of training and frankly, lack of respect, that makes me regard
anyone who stays in teaching with awe.

But, "50 Myths" doesn't address some of the big things that nag at
those who also see places where funding is misdirected and where
teaching doesn't seem to be what it should be. We all know why
teachers need tenure. But I am probably in a majority in having
experienced several teachers while in school who were terrible.
There seems to be no good way to remove them, and there has to be.
I'm not sure we would be coming up with so many punitive,
meaningless ways to rate teachers if this wasn't a common
experience. And the unions not only don't seem to have ways of
cleaning house, they seem to want to pretend that all accusations of
teacher incompetence relate to, say, teachers trying to teach stuff
that some loud and ignorant members of the community don't want kids
to know.

Then we have the money that is misspent. It used to be
incomprehensible that a for-profit school, paying teachers less than
public schools, and sucking up a tremendous amount of money as
profit, could out-perform public schools. Some charters consistently
do so. (Sure, many charters are mediocre, as well, but that isn't
always the point.) I was appalled by the story of what happened in
Newark, and have to wonder in how many places money is being drained
from public school system budgets not as capitalist profit, but to
enable the systems to featherbed. If we can't acknowledge that this
is sometimes a problem (an unscoped problem, because nobody who is
in favor of public education succeeding seems to want to know how
big it is), and if the union response is "oh, sure, there are some
bad apples, but this is irrelevant", than we get nowhere.

It isn't enough to act as though people who are in favor of charter
schools are just ignorant or beneficiaries of a different way to
skim money from the public. There are real problems that have to be
addressed, and nowhere in "50 Myths" did I find acknowledgement that
there was anything wrong with public schools beyond ignorance or the
greed of those who want to strip mine it for private gain. That
doesn't map to what I see here in Boston, or what I read about
elsewhere.
  
inkwell.vue.486 : David Berliner & Gene Glass, 50 Myths and Lies That Threaten American Public Schools.
permalink #62 of 74: Lisa Harris (lrph) Thu 24 Dec 15 08:25
    
Yes, everyone has experienced a teacher who was sub par. My personal
experience was with Roseanne Ponchik.Roseanne was my 2nd grade
teacher. Every kid I know who was in that class with me would agree
that it was a wasted year of education. She sucked and we didn't
learn a thing. She was a first year teacher teaching in an Open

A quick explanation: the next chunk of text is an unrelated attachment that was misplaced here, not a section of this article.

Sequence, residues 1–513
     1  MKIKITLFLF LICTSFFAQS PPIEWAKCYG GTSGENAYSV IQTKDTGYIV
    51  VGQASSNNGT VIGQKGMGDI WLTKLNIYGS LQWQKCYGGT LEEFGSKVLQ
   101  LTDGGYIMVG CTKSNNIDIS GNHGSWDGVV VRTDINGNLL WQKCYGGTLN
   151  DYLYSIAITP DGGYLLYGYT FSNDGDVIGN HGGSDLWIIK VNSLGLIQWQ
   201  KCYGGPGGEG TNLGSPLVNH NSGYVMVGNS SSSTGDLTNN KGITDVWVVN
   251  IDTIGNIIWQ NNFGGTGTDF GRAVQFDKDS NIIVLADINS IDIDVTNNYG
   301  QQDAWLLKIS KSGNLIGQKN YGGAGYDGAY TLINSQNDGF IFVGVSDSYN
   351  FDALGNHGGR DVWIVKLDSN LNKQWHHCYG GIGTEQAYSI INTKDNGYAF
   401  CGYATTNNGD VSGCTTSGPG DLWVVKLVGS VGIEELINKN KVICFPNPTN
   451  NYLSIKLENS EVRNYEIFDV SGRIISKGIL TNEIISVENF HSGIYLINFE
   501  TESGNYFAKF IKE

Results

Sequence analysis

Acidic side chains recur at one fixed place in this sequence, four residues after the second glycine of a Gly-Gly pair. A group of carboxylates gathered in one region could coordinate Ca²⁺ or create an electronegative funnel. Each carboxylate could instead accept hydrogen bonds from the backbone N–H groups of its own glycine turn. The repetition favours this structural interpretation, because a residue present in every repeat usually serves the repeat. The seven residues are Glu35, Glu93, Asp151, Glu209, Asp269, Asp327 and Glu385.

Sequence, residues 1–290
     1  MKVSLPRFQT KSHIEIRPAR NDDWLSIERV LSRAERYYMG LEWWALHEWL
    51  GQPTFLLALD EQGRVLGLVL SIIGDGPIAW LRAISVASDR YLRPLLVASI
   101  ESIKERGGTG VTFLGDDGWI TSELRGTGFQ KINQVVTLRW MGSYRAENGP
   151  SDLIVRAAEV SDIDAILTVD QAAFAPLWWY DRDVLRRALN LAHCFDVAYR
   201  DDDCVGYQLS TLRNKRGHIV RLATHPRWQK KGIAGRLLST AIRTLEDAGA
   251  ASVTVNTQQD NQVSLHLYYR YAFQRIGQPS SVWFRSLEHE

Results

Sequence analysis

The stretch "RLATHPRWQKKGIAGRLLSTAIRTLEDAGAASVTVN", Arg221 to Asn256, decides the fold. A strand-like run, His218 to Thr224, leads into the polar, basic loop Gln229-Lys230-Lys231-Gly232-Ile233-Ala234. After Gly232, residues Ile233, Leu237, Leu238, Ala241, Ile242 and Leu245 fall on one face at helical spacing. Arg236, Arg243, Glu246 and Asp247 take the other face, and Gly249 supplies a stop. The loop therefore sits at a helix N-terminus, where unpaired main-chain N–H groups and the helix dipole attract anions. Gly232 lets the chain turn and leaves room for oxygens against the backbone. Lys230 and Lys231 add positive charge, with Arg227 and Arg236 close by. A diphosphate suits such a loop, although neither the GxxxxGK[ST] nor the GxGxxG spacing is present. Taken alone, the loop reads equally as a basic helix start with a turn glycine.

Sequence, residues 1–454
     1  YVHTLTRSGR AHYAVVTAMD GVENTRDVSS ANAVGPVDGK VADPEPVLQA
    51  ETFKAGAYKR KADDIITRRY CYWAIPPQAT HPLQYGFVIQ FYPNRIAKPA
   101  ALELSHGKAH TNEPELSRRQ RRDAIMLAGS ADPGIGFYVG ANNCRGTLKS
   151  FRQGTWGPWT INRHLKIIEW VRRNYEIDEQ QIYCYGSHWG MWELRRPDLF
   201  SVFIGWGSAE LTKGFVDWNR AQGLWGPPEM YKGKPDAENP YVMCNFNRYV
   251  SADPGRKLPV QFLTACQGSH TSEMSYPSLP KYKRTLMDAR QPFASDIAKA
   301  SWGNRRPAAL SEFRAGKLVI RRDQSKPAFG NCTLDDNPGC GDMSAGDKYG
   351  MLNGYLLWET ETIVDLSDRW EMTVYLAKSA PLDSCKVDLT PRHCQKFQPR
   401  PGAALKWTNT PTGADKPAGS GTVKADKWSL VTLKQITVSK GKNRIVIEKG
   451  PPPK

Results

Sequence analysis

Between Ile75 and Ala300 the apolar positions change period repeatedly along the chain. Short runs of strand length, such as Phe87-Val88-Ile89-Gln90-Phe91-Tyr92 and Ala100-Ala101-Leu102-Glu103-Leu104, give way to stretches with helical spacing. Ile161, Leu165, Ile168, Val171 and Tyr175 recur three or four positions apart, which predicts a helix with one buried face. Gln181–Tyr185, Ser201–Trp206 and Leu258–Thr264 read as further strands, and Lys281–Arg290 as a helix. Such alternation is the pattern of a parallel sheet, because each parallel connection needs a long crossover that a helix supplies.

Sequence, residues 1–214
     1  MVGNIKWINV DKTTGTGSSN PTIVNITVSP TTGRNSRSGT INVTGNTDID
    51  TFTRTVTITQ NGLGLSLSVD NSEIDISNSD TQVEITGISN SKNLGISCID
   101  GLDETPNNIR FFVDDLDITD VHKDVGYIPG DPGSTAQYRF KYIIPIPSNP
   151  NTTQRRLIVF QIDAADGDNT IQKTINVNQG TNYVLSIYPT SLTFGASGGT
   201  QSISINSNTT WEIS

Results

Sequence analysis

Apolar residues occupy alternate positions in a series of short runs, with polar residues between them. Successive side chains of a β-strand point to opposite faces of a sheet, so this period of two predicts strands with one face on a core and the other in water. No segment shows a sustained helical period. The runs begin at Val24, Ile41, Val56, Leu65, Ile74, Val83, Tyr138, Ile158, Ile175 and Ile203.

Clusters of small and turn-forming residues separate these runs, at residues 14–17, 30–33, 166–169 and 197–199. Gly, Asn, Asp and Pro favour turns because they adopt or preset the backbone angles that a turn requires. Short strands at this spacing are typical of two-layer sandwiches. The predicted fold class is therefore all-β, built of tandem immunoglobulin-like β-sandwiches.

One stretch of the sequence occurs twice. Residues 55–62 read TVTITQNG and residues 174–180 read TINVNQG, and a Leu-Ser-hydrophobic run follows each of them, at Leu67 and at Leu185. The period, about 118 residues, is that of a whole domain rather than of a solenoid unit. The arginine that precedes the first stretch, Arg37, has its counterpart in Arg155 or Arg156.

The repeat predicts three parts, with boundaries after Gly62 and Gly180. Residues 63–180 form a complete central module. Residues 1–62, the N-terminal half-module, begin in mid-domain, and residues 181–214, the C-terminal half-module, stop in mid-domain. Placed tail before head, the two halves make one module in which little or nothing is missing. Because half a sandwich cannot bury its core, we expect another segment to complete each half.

Classroom environment for which she had NO training. The following
year she was transferred to different school with a different
curriculum. It has been 43 years since that time. If you Google her
today you will find out that she had a truly illustrious career as
an influential educator and humanitarian. 

When my son was in kindergarten he was assigned a teacher who I knew
from my experience at the school was less than what I wanted for him
(her classroom management was so horrendous, the kids were in actual
danger). I requested, and received, a class transfer. The next year
she was transferred to a different school where her principal
(apparently) worked with her and she is now a beloved kindergarten
teacher in her new school.

Each of our individual anecdotes do not tell us the whole story of a
teacher. A single walk through for 5-20 minutes by a principal
doesn't tell the whole story either. 

Now don't get me wrong, there are perpetually bad teachers out
there. I work with one who seriously needs to be retrained or
removed. The process is slow, as it should be, because sub-par
teachers can become amazing teachers. 

Charter Schools are not the same as public schools. They do not have
to keep students that do not perform well or behave a certain way.
That is not the case with public schools. We are required to take
and educate everyone, and we are judged by the success of the
children. 

The fact is, there isn't a problem with public schools. We educate
our students better, with more rigor, and better research than ever
before. The problem, if you read between the lines, is with wealth
distribution (not to the schools, but the socioeconomic levels of
students) and the influx of foreign born students being held to a
standard that their predecessors in previous generations were not
held to. These are not problems schools can fix. These are problems
society has to fix. 

By blaming the schools and teachers, reformers throw a red-herring
at the real problem while destroying what is good in our schools. 
  
inkwell.vue.486 : David Berliner & Gene Glass, 50 Myths and Lies That Threaten American Public Schools.
permalink #63 of 74: Ari Davidow (ari) Thu 24 Dec 15 09:07
    
>By blaming the schools and teachers, reformers throw a red-herring
>at the real problem while destroying what is good in our schools. 

I think that's the red herring. At least in this discussion, nobody
is doing so. But there =are= problems with some specific public